What Is Mass Concrete?

The concrete placed in different massive structures such as dams, bridge piers, canal locks, etc is known as mass concrete.

In mass concrete, larger size aggregates (up to 150 mm maximum) and low slump (very stiff consistency) are used to reduce the amount of cement in the concrete mix (normally 5 bags per m3 of mass concrete).

As the concrete is relatively dry and harsh, it needs immersion type of powder vibrators for full compaction. The concrete is normally placed in open forms. Due to the greater mass of the concrete, the heat of hydration (reaction between cement and water) may increase the temperature considerably.

These can be avoided by placing the concrete in shorter lifts and taking gaps of several days before the next lift. During concreting, cold water should be circulated through the pipes buried in the concrete mass may also be useful. If possible, concreting can be done in the winter season to lower the peak temperature in concrete. Alternatively, the aggregates may be cooled before using in the mix.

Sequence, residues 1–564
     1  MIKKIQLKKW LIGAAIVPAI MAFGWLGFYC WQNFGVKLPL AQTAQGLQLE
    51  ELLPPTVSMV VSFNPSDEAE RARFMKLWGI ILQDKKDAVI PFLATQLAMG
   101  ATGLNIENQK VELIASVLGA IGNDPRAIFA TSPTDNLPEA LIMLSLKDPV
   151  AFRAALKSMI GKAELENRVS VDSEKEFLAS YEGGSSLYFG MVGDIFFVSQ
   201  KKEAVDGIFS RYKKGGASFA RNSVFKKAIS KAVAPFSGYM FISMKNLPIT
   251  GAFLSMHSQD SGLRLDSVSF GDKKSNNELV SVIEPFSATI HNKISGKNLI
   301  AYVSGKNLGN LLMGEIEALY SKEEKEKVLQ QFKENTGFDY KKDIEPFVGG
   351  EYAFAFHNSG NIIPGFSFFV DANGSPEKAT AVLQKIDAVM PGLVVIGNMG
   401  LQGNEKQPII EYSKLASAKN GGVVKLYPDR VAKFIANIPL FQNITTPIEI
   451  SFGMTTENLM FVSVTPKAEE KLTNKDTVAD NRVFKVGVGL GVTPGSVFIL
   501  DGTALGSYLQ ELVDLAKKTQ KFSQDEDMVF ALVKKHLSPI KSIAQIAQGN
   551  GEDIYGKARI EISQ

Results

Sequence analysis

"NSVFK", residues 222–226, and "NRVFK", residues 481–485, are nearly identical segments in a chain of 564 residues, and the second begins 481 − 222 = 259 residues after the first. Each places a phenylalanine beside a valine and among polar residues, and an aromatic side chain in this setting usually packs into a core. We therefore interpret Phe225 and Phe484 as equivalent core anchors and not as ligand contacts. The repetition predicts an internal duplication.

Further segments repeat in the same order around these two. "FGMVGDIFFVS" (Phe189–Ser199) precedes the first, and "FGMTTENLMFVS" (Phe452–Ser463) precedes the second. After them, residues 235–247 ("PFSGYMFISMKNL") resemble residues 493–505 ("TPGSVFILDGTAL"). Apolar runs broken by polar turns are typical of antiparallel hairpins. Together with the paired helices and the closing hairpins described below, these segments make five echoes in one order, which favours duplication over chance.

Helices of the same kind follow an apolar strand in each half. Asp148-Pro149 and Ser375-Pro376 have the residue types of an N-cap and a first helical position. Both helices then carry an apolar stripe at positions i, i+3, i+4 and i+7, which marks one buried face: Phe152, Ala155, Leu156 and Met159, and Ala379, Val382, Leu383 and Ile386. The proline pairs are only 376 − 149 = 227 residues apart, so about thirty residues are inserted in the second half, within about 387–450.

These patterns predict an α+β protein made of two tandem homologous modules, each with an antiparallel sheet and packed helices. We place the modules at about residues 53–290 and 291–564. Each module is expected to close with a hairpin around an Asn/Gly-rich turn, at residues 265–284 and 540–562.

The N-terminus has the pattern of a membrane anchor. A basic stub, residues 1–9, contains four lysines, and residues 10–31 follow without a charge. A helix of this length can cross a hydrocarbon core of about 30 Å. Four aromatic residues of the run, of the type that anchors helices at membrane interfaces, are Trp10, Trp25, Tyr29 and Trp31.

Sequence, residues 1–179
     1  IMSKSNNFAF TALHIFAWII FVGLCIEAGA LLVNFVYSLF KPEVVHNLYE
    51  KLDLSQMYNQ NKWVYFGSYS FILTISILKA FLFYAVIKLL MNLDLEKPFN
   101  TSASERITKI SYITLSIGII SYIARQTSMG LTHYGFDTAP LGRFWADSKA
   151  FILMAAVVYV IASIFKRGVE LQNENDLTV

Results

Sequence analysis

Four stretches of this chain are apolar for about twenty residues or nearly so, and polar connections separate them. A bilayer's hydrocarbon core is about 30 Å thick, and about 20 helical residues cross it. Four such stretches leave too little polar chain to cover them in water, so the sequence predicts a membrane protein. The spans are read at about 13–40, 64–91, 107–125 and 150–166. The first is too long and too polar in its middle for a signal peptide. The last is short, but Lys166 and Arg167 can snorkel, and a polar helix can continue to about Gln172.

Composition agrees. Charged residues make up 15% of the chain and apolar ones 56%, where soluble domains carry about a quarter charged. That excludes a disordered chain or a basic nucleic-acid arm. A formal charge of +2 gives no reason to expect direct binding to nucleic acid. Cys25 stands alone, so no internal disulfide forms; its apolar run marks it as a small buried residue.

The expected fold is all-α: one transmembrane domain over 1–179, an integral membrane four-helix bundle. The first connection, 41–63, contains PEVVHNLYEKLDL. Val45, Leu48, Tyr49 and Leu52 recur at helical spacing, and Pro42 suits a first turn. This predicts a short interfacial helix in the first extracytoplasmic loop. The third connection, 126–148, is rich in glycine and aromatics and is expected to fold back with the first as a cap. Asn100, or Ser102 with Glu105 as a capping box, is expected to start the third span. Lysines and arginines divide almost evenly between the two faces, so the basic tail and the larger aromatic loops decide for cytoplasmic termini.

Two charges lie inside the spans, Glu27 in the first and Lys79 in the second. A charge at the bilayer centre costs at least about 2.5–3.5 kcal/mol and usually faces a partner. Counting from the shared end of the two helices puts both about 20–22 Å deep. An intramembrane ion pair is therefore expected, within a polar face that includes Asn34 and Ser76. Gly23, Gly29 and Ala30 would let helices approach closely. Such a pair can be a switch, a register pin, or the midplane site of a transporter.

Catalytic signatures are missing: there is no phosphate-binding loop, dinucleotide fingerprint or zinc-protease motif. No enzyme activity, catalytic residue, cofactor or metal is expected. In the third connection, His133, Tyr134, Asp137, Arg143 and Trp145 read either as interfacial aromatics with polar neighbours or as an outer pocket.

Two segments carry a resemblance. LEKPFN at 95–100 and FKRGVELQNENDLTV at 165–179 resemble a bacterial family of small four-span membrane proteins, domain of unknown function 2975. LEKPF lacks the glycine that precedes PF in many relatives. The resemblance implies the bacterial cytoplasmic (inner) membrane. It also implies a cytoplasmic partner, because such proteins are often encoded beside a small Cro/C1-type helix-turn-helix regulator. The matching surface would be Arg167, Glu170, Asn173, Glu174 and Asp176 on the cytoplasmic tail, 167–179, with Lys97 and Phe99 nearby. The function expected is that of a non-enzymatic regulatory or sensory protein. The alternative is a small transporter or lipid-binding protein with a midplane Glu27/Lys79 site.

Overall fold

The high temperature due to the heat of hydration may result in an extensive and serious shrinkage in the mass concrete. The shrinkage cracks can be prevented by using low heat cement and by rapid curing of the concrete.

The early age strength is very high compared to later strength concrete cured at normal temperatures. During setting and hardening the volume change of mass concrete is very small but it can produce larger creep at a later stage.